And I remember that there was an extremely active Chinese audience in the room that had a lot of questions about bankruptcy litigation, and we're very interested to know about my experience and about how Chinese companies could protect themselves in the bankruptcy process. Very engaged audience very very eager to know and I was really looking forward to meeting the attendees at the conference at the cocktail party which followed and I had a huge stack of business cards, and I eagerly went to the cocktail party and found that the only people the cocktail party were Americans and all of all of the Chinese audience members, you know hundreds of them had disappeared and I became very interested to understand why that was because you know in the u.s. Whenever people think about going to a conference, nobody thinks about the the value of the formal presentations for the agenda people just think of the value in terms of the side meetings and the ability to interact people in the hallways, you know in restaurants, you know going out for a drink with people that you otherwise wouldn't see and making that personal connection often, you know, sometimes people that you know, but often with with strangers or people you're meeting for the first time by contrast I think in China. As I came to learn the notion of a bunch of strangers getting together.
It is just not something that works in mainland, China.
And a mere exchange of business cards with strangers has has no meaning whatsoever. That's a fair assessment. I got I would I would I would agree with that. Yeah, I think you're Chinese level is is at the time was probably almost non-existent. I would think when you first started, right? Yeah. That's right. My my my Chinese by the way is still pretty basic. But even even if I was fluent in Chinese
It would probably have almost zero relevance to being retained on any particular matter. So how would you typically get retained by a client? That's I think would be fascinating for the audience to do that. Sure. So I think maybe I'll just start as a comparison, you know to the typical process in the US.
In the US if you have a company with litigation that there's typically an office of the general counsel that looks at different candidates different law firms. There's a term called beauty contest which all law firms are familiar with, you know, it means essentially a competition between various law firms that are pitching to be for a particular piece of work and and the size of the general counsel's office but involve comparing resumes backgrounds of lawyers getting recommendations from different people and what you're trying to do is you're trying to weigh information and data about different candidates and make an objective determination based on based on the experience that each candidate brings to the table and try to fit a particular person or particular firm to a matter.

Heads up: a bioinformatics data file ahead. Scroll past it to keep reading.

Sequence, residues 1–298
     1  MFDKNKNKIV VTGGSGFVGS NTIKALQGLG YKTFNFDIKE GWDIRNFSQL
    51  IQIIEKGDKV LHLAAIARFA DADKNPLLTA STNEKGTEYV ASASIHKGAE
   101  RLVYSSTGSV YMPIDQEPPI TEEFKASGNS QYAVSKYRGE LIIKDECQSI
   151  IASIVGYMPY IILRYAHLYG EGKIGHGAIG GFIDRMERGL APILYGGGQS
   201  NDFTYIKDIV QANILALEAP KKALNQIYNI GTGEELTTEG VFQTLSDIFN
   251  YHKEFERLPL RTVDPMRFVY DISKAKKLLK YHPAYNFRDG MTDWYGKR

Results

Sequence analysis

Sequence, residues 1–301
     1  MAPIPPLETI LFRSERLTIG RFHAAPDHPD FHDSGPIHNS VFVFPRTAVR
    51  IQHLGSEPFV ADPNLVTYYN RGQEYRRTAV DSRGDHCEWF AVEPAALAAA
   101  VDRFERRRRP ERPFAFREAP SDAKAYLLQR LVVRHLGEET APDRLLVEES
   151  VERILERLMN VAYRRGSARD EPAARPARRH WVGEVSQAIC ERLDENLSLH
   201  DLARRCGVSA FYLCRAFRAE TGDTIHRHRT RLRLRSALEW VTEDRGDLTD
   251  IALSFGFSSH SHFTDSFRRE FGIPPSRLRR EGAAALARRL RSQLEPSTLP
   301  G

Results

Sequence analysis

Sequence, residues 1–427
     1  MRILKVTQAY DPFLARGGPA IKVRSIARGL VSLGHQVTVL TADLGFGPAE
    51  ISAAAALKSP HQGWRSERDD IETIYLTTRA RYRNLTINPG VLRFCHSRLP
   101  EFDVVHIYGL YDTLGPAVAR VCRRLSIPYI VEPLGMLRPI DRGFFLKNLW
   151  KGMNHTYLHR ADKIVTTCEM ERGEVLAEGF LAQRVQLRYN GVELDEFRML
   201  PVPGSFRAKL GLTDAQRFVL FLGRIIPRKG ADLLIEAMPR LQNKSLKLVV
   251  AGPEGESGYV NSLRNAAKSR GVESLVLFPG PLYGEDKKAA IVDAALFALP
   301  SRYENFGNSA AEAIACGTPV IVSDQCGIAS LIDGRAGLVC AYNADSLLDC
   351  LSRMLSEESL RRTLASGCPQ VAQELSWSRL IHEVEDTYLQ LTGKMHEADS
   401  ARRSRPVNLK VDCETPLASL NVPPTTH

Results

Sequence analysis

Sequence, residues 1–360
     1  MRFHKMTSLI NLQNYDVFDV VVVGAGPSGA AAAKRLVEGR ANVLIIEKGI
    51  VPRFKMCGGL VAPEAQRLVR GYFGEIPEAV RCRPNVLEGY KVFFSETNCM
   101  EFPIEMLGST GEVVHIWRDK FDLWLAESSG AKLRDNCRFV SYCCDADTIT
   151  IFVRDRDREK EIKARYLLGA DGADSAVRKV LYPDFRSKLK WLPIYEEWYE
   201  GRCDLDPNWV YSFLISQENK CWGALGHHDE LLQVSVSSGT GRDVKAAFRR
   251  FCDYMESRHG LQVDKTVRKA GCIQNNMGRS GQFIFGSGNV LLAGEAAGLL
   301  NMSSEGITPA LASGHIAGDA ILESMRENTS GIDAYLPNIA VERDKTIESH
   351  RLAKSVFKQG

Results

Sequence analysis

And data is important experiences important track record is very important.
In China, I would say that experience has has relatively minimal relevance particularly. If you're getting outside of the largest state-owned Enterprises, you know private companies are most companies where what you're talking about is a recommendation from someone that the chairman of the Chinese company knows and trusts it's a personal relationship of trust somewhere that that matters and I'm not talking about the relationship between the Chinese company and the lawyer, you know, so if you have for example a a Chinese companies as a litigation in the US.
The Chinese company is not kind of any relationship with the u.s. Lawyer. The relationship is going to be between the Chinese company and a Chinese lawyer.
And that relationship would typically be very very long-standing could be many many years people know each other 10 years 20 years 30 years. And so if the chairman trusts this particular lawyer that he or she is known for 20 years and that lawyer recommends an American lawyer.
That's the end of the discussion. There's really no there's no wedding and most likely, you know based on my sense of how Chinese culture works. It's unlikely that there would even be any discussion so you have the conversation might be something like the chairman might say, you know, do you know any American lawyers?
The response might be oh I let me let me think about that. Oh and then two days later, there is someone I know and that's the end of the discussion right by the way the corollary of that is that